Every year, it happens. A young boy, still brimming with dreams, falls prey to the innards of fraternity violence. All in the name of brotherhood.
And every year, this shocks our sensibilities. These supposedly civilized men, who carry themselves as brothers, subject their neophytes to unconscionable suffering. As if there is no ounce of humanity left in them.
But every year, it seems like nothing happens. Investigations commence and media attention abounds; yet the victims of these senseless hostilities are still far from the grasp of achieving justice. Hence, the cycle goes on and on.
No amount of pragmatism can justify all these ruthlessness. Even the Supreme Court, whose bench includes several affiliated magistrates, did not mince words in condemning fraternity violence. In People v. Feliciano, promulgated last May 2014, it held that “[t]his culture of impunity must stop. There is no space in this society for hooliganism disguised as fraternity rumbles.” The Court considered these barbaric actions as “an anathema, an immature and useless expenditure of testosterone. It fosters a culture that retards manhood.”
Although arguable, it is apparent that the current legal regime turns a blind eye on this reality. True enough, hazing and other forms of initiation rites in these usually clandestine organizations are already being regulated by Republic Act No. 8049. The law, which has been in place since 1995, was enacted in response to the Lenny Villa tragedy—the infamous fraternity casualty involving an Ateneo Law freshman. But as currently worded, RA No. 8049 is toothless. The law only regulates hazing; it does not prohibit it. Even the acts penalized by the law could be considered as mere rehashes of existing provisions under the Revised Penal Code.
As explained by Supreme Court Spokesperson Theodore Te in an online column, “hazing is a criminal act only when [death, mutilation, injuries] result and without proof beyond reasonable doubt of these consequences, no serious prosecution, let alone conviction, for hazing may be had.” At best, the loosely worded and poorly crafted legislation seems to be an empty rhetoric then.
Granted that the law is amended in the future, doubt still lingers as to whether it can effect the intended changes. Concededly, laws can only do so much. The problem lies in the fact that the culture of fraternities has become deeply ingrained in Philippine society—such that for some people who become part of these organizations, they have been left with no recourse but to join. But who is to blame?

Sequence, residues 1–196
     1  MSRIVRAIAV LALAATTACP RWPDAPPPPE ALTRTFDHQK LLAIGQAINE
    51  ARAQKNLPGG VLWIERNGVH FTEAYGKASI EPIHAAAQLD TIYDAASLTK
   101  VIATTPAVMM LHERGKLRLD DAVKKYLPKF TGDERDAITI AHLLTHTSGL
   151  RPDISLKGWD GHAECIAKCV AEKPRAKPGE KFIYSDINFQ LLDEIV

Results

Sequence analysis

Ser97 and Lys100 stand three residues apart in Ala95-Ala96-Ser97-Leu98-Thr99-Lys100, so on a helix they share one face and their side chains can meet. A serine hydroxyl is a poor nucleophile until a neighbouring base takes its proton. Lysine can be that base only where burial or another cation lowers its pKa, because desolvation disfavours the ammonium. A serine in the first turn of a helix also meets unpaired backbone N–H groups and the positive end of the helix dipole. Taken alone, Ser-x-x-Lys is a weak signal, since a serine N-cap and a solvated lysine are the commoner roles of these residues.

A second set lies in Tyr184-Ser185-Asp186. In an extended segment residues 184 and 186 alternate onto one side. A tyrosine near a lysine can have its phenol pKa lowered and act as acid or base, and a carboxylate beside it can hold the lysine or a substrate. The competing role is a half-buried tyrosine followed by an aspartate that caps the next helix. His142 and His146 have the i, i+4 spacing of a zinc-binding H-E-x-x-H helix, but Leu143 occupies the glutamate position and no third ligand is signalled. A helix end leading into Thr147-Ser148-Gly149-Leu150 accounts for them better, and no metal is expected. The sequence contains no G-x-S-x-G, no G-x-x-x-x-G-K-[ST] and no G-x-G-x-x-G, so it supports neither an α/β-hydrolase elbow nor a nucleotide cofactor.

Blame the system. After all, fraternities may have been a subset of the patronage system prevalent in our society. In law school, for instance, invitations to join fraternities and sororities are extended the moment the admissions results are released. Perks and privileges are dangled to entice the naïve rookies—reviewers, an instant support group, specialized Bar operations, and of course, powerful connections. In the Machiavellian profession of law, who would not want any of those.
In exchange for these benefits, two things are typically demanded from the members: their unwavering loyalty to the organization, and deference to its time-honored traditions. A “we did it, so should you” type of reasoning prevails. And it is exactly because of these reasons why this culture has perpetuated, and has even permeated notwithstanding a law being implemented or despite any indignation hurled against them.
Hence, the best way to change this vicious culture is from within. Not through any legislation or public perception—but through a shift in the values and norms espoused by these organizations. Breaking tradition may not seem to be palatable to the tastes of fraternity elders, but it is clearly the logical step in ensuring the demise of a violent culture that haunts the exuberance of our youth.
Because in the end, brotherhood is more than the sum of the punches received or paddles endured. Manhood transcends physicality. It is only when these affiliations take a courageous stand to change the flaws inherent in their system that we can consider them man enough to face the real world—not the make-believe reality that they are in. P
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